Surcharge waste management companies for delay in offloading garbage – Minister urges MMDAs


Dr Freda Akosua Prempeh, the Minister of Sanitation and Water Resources, has urged metropolitan, municipal and district assemblies (MMDAs) to make their bye-laws punitive enough to surcharge waste management companies that delay in offloading fill up garbage bins within their jurisdictions.

The move, she said, would make the waste management companies more responsible and proactive towards ending deluge of trash witnessed in most Ghanaian communities.

Dr Prempeh gave the suggestion at the Minister's news briefing organised by the Ministry of Information in Accra on Friday.

The briefing focused on the topic, 'Cleaning for Safe, Healthy and Sustainable Ghana,' ahead of the 'World Clean-Up Day' on Saturday, September 30, 2023.

The day would be observed throughout the country with cleaning of frontage and dislodging of choked drains between the hours of 06:00 and 10:00.

The minister tasked the Assemblies to make sure all shops are closed during the period of the exercise to ensure maximum participation.

All educational institutions, churches, keep fit clubs, civil society organisations and assemblies are entreated to join the clean-up exercise to make it a success.

In view of the indiscriminate dumping of garbage by some tricycle operators who collect waste from homes, Dr Prempeh hinted that a Sanitation Authority would soon be set up to regulate dumping of waste materials.

The Ministry, she said, would soon launch a comprehensive behavioural change campaign christened 'Sesa W) Su Ban,' which literally means 'change your behaviour' to whip up public sentiment towards observing environmental cleanliness.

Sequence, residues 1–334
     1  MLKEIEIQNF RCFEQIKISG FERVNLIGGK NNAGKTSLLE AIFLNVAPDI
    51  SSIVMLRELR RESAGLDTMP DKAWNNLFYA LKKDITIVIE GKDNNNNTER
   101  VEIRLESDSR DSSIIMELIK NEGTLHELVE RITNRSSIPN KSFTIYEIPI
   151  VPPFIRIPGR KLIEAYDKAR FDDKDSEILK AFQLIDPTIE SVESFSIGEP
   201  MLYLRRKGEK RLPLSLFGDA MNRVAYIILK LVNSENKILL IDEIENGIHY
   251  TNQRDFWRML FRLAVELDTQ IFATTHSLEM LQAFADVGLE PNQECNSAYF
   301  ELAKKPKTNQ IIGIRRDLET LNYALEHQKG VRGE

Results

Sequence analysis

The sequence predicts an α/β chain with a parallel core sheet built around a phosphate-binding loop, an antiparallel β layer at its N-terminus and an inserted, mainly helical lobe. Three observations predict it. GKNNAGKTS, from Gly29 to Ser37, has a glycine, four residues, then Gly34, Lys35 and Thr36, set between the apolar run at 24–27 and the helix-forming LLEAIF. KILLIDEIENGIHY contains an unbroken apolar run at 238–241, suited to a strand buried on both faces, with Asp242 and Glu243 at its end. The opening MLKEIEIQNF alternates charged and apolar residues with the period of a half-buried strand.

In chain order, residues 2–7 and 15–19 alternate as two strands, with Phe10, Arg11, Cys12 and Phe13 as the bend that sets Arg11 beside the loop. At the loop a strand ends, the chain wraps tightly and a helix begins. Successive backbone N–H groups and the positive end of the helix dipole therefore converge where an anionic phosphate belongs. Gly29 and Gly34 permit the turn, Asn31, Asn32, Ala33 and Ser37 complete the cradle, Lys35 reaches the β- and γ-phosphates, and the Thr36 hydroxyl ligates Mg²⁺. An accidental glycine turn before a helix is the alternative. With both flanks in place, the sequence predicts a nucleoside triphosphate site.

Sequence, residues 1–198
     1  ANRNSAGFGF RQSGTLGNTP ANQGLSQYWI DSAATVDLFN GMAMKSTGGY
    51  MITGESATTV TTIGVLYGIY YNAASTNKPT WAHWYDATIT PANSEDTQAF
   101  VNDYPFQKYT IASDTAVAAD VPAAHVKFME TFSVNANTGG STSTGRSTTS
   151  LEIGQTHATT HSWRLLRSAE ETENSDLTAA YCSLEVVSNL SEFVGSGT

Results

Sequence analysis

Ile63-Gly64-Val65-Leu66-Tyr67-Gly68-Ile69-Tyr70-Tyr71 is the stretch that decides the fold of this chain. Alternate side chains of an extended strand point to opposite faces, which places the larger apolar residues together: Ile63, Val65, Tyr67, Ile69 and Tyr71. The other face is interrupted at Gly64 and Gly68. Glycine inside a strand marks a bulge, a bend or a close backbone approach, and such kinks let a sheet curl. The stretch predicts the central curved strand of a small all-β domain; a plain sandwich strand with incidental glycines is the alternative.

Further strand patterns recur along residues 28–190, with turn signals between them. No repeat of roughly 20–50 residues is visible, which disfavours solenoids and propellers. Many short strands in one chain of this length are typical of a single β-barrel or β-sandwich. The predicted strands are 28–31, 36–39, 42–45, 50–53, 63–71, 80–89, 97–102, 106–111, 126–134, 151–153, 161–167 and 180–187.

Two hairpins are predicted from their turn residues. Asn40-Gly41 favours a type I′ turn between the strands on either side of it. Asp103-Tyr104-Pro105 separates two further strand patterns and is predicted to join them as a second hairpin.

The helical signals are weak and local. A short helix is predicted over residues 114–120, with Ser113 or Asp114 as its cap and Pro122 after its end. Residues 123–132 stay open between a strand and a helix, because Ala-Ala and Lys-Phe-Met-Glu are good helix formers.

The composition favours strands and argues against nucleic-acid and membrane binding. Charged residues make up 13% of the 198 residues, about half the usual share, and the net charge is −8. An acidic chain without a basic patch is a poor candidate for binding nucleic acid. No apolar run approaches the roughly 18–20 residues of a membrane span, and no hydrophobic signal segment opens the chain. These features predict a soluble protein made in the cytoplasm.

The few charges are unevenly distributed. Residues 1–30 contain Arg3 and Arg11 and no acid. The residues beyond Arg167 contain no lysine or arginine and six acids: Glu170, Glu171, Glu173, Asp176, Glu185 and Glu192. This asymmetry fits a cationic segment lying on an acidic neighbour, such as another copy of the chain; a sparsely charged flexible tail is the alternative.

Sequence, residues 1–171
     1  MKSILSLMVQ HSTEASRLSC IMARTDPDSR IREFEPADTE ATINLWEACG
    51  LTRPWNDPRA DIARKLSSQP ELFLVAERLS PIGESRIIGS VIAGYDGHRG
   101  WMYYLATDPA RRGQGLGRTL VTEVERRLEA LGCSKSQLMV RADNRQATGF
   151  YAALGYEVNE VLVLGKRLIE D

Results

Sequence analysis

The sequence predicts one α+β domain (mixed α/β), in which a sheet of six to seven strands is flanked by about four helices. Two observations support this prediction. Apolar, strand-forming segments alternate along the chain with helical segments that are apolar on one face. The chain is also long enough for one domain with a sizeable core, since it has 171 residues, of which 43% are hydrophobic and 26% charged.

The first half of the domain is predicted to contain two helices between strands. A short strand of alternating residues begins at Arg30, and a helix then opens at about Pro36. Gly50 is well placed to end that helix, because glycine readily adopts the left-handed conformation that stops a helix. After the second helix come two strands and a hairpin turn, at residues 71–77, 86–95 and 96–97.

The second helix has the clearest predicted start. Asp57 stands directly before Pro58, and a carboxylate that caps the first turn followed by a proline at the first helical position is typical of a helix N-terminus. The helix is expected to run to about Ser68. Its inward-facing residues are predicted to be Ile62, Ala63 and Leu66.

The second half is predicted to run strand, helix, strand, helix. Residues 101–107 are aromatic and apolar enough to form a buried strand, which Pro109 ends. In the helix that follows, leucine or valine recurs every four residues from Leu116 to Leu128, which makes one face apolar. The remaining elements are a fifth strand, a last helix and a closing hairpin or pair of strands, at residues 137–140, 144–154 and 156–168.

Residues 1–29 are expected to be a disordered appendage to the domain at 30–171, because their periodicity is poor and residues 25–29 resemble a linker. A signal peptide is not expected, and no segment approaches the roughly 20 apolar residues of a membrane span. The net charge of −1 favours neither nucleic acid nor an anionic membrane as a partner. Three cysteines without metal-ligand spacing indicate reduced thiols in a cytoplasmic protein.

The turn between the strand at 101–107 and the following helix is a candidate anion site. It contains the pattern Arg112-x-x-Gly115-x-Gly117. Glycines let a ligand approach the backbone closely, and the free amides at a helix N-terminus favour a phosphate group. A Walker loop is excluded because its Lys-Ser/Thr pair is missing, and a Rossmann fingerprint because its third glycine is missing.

To enhance the attainment of the government's vision of a clean Ghana and sustainable WASH service delivery, the minister underscored the need for all stakeholders to actively play their prescribed roles effectively.

The Ministry, she said, has been established to develop policies that would enhance the delivery of WASH services in the country.

The Assemblies, she said, were mandated to undertake the provision of water, sanitation and hygiene facilities and services and enforce the bye-laws on sanitation within their jurisdiction.

'Households, on the other part, are expected to make the waste available for collection and disposal and keep hygienic surroundings as well as pay the requisite fees for the services being provided by the MMDAs,' Dr Prempeh emphasised.

She stated that the government since 2017 had invested in water and sanitation facilities, with the huge investment increasing the population with access to basic drinking water services from 79% in 2017/2018 to 87.7% in 2021.

The population with access to exclusive household toilet facilities increased from 21% in 2017/2018 to 25.3% in 2021, the minister added.

In addition, the proportion of water bodies with good Ambient Water Quality increased from 51.5 in 2017 to 58.2 in 2021, Dr Prempeh stated.

The proportion of solid waste properly disposed of in five major towns/cities, increased from 70% in 2017 to 85% in 2021, the minister stated.

The Government, she said, recognised the importance of water and sanitation sectors and had placed premium on enhancing the delivery of water and sanitation services to the citizenry.

Ghana was the first country to sign the Sanitation and Water for All Compact, which made it possible to prioritize WASH services delivery through deliberate and focused committed programmes, with clearly defined plans for funding.

As a result, Ghana was able to attain the Millennium Development Goals (MDGs) on Water, five clear years before the deadline, the minister added.

Source: Ghana News Agency

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